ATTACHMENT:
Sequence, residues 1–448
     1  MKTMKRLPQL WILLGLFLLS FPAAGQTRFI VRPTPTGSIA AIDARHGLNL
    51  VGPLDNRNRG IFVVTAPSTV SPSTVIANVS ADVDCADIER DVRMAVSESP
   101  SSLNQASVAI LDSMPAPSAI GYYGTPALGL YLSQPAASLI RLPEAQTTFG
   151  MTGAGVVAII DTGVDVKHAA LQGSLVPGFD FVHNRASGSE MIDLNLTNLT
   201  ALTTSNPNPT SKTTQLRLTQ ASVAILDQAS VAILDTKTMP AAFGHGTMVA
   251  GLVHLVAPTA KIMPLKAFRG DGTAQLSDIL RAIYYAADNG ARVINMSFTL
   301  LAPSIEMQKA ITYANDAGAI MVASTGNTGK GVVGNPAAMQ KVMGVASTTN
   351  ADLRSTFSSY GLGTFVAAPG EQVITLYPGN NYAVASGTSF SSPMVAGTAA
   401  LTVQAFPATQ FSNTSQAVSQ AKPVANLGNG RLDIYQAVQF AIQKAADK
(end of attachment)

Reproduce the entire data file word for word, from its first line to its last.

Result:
Sequence, residues 1–448
     1  MKTMKRLPQL WILLGLFLLS FPAAGQTRFI VRPTPTGSIA AIDARHGLNL
    51  VGPLDNRNRG IFVVTAPSTV SPSTVIANVS ADVDCADIER DVRMAVSESP
   101  SSLNQASVAI LDSMPAPSAI GYYGTPALGL YLSQPAASLI RLPEAQTTFG
   151  MTGAGVVAII DTGVDVKHAA LQGSLVPGFD FVHNRASGSE MIDLNLTNLT
   201  ALTTSNPNPT SKTTQLRLTQ ASVAILDQAS VAILDTKTMP AAFGHGTMVA
   251  GLVHLVAPTA KIMPLKAFRG DGTAQLSDIL RAIYYAADNG ARVINMSFTL
   301  LAPSIEMQKA ITYANDAGAI MVASTGNTGK GVVGNPAAMQ KVMGVASTTN
   351  ADLRSTFSSY GLGTFVAAPG EQVITLYPGN NYAVASGTSF SSPMVAGTAA
   401  LTVQAFPATQ FSNTSQAVSQ AKPVANLGNG RLDIYQAVQF AIQKAADK